In these locations, the consumption advice that is issued to protect against the risks from consuming PFOS is more stringent than what would be issued based on PCBs or mercury. This means that if you follow fish consumption advisories, you can get the health benefits from eating fish while reducing your risk from contaminants, including PFOS.

More information on fish consumption advisories may be found on the Eating your catch - making healthy choices page.

What advice do you have for pet owners who have pets that come in contact with these surface waters?

Pet owners are encouraged to rinse their pets off after coming in contact with the surface water to avoid pets from accidently swallowing PFAS that may be on their fur.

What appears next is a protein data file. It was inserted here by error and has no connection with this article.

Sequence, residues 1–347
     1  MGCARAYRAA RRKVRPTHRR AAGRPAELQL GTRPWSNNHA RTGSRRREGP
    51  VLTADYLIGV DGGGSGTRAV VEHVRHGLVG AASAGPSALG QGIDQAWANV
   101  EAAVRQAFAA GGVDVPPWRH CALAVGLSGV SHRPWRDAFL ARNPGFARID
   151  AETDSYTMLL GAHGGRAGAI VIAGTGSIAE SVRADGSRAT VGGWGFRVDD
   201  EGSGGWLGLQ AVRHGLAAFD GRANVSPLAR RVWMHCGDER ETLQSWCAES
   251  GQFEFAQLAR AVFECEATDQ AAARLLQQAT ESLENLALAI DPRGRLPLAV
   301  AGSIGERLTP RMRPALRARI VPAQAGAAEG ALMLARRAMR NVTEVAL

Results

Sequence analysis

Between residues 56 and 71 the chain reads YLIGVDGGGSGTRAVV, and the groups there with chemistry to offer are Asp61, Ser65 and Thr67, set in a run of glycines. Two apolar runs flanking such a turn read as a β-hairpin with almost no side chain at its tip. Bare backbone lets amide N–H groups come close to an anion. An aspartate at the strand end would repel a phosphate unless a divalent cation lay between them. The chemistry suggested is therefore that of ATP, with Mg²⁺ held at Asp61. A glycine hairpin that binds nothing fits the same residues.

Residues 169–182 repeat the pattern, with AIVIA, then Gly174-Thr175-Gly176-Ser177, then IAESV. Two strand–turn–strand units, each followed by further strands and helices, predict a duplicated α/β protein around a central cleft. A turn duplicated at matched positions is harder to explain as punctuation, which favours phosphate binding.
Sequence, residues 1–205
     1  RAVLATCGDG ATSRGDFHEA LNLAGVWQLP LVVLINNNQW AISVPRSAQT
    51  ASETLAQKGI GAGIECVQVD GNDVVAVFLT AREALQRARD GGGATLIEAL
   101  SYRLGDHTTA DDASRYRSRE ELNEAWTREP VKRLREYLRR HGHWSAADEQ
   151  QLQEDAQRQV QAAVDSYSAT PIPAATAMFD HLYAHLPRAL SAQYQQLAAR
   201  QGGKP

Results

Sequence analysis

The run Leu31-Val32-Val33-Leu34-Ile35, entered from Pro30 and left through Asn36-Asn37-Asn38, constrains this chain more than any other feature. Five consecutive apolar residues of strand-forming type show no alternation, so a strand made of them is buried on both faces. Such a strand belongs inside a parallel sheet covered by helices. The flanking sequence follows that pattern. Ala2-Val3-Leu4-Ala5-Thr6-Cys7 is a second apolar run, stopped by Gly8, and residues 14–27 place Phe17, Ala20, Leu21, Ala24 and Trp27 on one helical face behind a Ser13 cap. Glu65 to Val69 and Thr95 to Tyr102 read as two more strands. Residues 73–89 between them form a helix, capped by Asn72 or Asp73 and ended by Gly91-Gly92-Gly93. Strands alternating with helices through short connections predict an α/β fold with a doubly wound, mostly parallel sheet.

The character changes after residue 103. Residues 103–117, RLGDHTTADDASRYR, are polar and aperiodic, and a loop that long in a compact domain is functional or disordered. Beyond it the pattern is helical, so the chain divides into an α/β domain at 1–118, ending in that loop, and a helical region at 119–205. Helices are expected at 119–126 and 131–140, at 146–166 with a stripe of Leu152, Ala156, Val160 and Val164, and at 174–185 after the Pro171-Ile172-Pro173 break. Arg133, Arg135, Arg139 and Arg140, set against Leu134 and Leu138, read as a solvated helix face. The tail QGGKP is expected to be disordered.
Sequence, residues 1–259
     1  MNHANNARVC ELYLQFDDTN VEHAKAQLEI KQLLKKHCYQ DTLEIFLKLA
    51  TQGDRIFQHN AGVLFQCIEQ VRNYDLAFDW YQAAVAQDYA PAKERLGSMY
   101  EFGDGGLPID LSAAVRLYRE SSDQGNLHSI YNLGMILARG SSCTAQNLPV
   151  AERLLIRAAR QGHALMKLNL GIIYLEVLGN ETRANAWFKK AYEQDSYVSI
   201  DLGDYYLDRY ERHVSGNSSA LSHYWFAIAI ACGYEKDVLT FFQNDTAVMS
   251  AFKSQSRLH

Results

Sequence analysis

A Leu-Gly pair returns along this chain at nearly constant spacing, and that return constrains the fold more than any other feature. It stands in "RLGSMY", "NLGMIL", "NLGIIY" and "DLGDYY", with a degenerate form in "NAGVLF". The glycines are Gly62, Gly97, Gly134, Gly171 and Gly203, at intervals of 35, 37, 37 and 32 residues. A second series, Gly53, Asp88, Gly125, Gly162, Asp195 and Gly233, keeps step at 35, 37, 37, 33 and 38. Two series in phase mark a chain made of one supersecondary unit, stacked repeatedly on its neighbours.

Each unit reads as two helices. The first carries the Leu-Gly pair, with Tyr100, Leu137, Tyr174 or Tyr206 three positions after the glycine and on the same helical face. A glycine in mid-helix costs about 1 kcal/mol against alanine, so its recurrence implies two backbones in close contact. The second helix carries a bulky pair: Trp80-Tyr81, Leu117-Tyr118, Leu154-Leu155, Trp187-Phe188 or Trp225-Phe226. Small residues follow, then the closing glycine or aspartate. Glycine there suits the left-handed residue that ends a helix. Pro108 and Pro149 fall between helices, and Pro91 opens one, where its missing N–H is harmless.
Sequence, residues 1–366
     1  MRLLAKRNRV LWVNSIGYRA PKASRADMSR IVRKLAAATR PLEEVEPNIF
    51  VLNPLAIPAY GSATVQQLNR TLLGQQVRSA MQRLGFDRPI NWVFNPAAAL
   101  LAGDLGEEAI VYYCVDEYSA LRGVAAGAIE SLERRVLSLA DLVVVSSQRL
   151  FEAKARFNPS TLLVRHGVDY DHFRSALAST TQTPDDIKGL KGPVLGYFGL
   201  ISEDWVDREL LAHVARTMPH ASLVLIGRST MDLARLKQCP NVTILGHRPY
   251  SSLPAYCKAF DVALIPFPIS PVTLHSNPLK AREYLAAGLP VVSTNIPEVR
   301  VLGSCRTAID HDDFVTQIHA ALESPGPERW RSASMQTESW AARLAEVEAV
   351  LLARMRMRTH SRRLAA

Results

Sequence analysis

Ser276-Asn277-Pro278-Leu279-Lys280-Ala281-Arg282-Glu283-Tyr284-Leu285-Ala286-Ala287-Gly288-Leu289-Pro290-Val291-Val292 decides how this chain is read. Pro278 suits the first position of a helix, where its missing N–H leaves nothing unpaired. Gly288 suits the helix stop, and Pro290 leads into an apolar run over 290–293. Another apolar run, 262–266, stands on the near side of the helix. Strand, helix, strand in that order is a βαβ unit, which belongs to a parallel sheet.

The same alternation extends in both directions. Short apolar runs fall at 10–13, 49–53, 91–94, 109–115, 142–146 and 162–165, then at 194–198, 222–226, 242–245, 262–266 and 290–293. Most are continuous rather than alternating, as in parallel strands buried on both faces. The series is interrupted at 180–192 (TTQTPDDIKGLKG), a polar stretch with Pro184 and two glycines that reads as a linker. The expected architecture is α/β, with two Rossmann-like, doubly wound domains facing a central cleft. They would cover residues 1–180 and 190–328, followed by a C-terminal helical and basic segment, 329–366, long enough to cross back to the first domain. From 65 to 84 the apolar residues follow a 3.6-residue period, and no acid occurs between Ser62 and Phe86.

What do the results mean for fish and wildlife?

Fish health is likely not at risk from exposure to PFAS at these concentrations. Effects on wildlife are unknown and is an active area of research nationally.

Standards

What is the difference between standards set for groundwater, public drinking water and surface water?

Each of these standards are developed according to requirements of state and federal laws.

Groundwater standards are set based on the Wisconsin groundwater law, which requires standards to be set to minimize the concentration of a polluting substance in groundwater. These standards are used to monitor groundwater around landfills, to set limits for land application of certain wastewaters and investigation and clean-up from releases (e.g., spills) that cause groundwater contamination.